What should we know about you that you haven’t included in your brief, third-person, professional biography?

Los Angeles is my original home and I’m honored to have spoken at a Camp first in 2012 at WCLAX, and (for the first time having spoken at a Camp since then) to be speaking at WordCamp Los Angeles 2016.

 

I want to know more about contemporary photography but I don’t know where to get started. What one photographer should I be aware of and looking into that I don’t even know exists?

I believe one’s taste and individual talent is extremely subjective and I’d hesitate to make a blanket recommendation on specific photographer. Forgive me for turning the question on its head. If I’m asked for advice on developing as a photographer, I say the following.

Start with what you might think is your focus talent. I had thought for a long time that I might have a talent for event photography before I decided to do it full-time. Long ago I had fallen into it accidentally when I lived in Italy for a year. Still unable to speak Italian comfortably I tended to bring my camera to events and parties and hide behind it. I found that my event portraits and captured candid moments received above-the-average good feedback and many ended up using my work for profile avatars. So when I thought this might be what I should do it professionally and I saw that my technical skills weren’t supporting me in being able to capture what I see in my mind, I set about creating my own internship program. I had heard on a professional photographer’s podcast the advice to assign one’s self fifty assignments for a year, and I set about doing it.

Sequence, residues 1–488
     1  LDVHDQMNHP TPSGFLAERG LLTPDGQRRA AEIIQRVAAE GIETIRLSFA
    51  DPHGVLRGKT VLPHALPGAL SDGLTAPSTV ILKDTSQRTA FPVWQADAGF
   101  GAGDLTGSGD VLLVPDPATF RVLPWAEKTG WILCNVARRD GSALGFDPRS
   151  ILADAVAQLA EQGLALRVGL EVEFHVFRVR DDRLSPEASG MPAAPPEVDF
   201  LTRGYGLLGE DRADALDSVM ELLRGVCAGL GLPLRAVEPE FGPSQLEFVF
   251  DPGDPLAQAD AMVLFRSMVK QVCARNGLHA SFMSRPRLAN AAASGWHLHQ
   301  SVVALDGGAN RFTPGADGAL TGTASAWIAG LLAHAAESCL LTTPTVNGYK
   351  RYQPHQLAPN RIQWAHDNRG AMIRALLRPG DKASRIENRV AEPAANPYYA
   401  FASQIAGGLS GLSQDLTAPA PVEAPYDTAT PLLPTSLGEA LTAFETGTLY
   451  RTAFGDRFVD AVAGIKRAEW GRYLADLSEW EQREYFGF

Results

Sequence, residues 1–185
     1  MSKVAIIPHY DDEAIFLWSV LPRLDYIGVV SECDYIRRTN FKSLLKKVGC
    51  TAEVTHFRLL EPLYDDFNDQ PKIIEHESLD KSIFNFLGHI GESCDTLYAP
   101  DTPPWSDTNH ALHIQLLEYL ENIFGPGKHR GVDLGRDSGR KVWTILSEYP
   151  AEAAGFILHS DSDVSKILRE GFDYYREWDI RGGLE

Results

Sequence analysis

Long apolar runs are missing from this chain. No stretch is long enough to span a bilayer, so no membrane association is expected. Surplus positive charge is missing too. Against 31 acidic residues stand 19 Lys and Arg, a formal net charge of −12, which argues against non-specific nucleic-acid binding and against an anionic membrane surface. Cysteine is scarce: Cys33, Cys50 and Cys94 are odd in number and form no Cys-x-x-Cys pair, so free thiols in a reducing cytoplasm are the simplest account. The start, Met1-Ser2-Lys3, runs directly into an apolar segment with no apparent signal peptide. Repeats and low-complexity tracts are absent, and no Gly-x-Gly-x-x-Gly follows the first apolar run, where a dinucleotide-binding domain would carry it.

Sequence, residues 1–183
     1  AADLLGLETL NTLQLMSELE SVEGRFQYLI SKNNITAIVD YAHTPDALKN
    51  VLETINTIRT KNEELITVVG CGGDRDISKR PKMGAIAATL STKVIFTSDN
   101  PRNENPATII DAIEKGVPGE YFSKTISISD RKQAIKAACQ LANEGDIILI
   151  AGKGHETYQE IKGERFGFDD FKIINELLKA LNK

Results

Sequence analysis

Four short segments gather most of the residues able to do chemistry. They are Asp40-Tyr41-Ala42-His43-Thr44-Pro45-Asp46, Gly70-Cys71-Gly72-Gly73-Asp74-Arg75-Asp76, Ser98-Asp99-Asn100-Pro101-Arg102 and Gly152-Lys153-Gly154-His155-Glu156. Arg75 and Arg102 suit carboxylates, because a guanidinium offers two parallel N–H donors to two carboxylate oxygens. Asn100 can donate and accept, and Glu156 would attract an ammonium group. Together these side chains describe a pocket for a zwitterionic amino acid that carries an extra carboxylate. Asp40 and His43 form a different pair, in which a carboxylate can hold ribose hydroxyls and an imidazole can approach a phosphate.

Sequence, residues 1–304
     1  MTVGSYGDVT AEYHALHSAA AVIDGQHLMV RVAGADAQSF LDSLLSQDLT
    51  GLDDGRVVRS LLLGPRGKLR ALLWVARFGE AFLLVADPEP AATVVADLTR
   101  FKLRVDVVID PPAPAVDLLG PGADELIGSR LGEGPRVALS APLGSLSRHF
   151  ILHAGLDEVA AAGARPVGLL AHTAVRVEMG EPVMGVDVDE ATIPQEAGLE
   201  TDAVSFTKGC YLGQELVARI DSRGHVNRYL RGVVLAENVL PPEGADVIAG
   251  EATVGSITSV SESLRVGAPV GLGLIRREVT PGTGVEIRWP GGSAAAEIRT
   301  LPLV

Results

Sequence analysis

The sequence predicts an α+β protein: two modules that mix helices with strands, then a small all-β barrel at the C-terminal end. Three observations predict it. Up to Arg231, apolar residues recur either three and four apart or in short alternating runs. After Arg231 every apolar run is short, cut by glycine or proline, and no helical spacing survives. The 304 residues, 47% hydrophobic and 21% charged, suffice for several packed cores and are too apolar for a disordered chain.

Averaging once a week, I shot a different subject (or a subject with a different purpose or character) in a different style. This forced me, whether I’d found an example to mimic or I’d intended to match a vision I had in my mind, to acquire the equipment needed to produce the image, to learn the equipment, to learn the needed shooting technology, to practice working with people and light, and to learn the post-processing techniques required to produce the image I’d intended. This meant getting more deeply knowledgable about my machine and equipment, as well as the software I use. And then I got involved in shooting WordCamps and have shot eighteen at the time of this exchange.